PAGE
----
HSBC aims to ramp up SME lending
The UK’s largest bank has set aside £8 billion in order to offer SMEs a helping hand.
Lending to small and medium-sized enterprises (SMEs) will be given a welcome boost as HSBC sets up a new £8 billion fund. The bank also plans to do away with some of the many fees on business loans that firms incur in order to support smaller companies that can ill afford them.
Since the financial crisis, the government has been looking to boost the ease of access and amount of credit available to small businesses. However, this latest step has come from a private firm.
“Too often we’ve heard smaller, domestic businesses ask whether we are as committed to them as we are to big global firms,” said Ian Stuart, HSBC’s head of UK commercial banking.
“I want to show UK businesses that we are right behind them, whatever the size of their ambitions.”
£400 million for Manchester, Birmingham and Scotland
The complaint comes after years of figures showing that small business lending sharply declined during the recession, as banks sought to shore-up their balance sheets. SMEs often found access to credit difficult as financial institutions required greater amounts of buffer capital, more so than when issuing loans for property.
HSBC’s new SME fund will be made available to 43 parts of the country and three packages of at least £400 million have been earmarked for Manchester, Birmingham and Scotland. In addition, the bank will waive or refund between £1,000 and £300,000 of qualifying business loan fees through to the end of July. The bank’s offer is open to both clients and customers who aren’t registered.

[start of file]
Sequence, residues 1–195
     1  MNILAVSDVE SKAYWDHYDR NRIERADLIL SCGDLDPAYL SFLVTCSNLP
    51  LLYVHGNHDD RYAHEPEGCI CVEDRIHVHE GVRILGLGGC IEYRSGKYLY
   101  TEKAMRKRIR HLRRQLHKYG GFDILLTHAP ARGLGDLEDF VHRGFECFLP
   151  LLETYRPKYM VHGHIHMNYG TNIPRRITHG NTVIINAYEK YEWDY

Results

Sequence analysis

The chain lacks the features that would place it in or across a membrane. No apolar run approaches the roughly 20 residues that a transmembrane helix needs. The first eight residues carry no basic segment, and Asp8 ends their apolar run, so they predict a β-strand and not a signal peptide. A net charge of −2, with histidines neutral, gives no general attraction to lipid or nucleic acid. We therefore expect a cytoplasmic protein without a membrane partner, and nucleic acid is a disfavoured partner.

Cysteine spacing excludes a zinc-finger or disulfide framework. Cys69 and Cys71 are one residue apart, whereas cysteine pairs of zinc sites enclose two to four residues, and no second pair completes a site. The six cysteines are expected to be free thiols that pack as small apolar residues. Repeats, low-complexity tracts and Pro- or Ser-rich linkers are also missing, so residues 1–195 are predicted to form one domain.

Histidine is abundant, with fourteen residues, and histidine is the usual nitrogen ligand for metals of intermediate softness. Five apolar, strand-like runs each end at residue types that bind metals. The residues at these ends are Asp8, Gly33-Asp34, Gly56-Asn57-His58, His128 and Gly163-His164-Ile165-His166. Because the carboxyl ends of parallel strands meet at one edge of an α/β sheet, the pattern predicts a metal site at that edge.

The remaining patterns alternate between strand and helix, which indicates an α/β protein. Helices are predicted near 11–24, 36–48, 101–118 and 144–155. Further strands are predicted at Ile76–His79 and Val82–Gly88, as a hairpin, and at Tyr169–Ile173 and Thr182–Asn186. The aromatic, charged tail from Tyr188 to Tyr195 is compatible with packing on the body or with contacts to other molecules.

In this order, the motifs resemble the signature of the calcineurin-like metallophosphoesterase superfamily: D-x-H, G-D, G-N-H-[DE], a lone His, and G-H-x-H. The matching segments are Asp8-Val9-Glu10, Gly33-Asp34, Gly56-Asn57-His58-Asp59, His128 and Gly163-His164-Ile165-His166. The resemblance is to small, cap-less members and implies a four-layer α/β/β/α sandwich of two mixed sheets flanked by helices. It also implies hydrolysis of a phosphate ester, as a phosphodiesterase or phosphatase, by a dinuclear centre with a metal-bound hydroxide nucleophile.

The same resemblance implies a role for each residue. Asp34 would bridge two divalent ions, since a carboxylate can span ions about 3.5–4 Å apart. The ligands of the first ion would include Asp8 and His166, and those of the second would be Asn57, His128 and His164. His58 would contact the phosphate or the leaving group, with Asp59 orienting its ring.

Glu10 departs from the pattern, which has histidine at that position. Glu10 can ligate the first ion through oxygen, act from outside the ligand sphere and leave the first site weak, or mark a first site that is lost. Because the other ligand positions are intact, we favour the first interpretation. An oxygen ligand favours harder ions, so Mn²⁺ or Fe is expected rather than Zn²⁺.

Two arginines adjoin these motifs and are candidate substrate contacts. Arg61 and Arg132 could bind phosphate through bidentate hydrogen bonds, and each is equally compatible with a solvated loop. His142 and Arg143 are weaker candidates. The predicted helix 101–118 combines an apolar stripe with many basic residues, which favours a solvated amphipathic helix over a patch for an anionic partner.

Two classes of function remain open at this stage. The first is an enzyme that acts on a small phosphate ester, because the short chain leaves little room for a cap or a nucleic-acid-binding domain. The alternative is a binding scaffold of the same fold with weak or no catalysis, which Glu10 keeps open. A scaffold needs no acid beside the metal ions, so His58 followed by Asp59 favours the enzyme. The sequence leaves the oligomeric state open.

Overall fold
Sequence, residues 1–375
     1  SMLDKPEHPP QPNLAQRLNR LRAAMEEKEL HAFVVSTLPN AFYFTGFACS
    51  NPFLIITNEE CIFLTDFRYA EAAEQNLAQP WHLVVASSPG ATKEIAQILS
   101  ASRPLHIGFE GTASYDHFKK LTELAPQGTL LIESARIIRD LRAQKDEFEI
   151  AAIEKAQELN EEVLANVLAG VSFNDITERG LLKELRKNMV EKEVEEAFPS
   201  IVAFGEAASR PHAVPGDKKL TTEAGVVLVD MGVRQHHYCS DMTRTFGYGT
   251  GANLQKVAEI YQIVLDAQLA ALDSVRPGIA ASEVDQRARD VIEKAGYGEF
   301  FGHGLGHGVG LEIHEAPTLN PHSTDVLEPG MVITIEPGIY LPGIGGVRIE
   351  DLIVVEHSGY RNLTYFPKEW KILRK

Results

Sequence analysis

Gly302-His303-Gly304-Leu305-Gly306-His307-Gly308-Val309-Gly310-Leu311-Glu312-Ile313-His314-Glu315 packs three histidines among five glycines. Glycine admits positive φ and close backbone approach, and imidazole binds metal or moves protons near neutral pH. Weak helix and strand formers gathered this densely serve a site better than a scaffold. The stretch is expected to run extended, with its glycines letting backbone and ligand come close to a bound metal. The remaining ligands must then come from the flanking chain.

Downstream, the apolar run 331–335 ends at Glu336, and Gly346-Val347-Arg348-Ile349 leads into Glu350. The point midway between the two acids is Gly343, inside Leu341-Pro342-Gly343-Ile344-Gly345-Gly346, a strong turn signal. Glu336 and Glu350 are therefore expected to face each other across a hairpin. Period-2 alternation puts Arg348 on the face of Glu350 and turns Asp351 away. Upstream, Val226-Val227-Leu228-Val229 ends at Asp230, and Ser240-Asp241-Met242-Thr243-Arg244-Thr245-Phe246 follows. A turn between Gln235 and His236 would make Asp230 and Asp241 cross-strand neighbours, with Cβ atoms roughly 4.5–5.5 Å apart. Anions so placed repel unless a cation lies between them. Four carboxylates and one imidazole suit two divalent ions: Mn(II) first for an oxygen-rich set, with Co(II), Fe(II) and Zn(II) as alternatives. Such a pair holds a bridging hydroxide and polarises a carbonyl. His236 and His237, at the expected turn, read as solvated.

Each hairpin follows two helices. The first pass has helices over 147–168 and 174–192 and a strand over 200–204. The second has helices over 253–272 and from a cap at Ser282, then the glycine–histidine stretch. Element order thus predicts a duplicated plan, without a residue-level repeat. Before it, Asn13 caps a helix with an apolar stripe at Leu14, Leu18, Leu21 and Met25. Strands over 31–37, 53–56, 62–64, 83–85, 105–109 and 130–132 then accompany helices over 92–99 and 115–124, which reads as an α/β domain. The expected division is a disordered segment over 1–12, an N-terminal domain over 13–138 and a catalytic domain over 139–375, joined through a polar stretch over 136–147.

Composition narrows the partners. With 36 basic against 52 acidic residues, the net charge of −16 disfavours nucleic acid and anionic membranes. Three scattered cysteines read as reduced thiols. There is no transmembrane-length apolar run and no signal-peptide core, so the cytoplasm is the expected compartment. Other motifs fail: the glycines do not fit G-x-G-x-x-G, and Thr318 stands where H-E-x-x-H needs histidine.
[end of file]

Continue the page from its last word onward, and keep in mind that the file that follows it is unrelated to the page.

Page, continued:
Lending to SMEs on the rise
Despite the drought of credit in the years following the financial crisis, recent data shows that lending to SMEs is on the rise. According to the Bank of England, net lending to SMEs (excluding overdrafts) increased by 1.9 per cent in the first quarter of 2015. Furthermore, HSBC’s own figures show that its lending for the year is up on the year before.
“Our net lending to businesses is up in 2015 – but we want to do even more,” said Mr Stuart.
“Our £8 billion fund is an aspiration, not a limit, and waiving fees from our business loans could save the average firm hundreds of pounds."
However, the UK’s largest bank will find that it’s facing competition from a number of challenger banks - a fast-growing sector - especially since businesses and homeowners are becoming increasingly open to the idea of using alternative financing options, rather than sticking with traditional high street banks.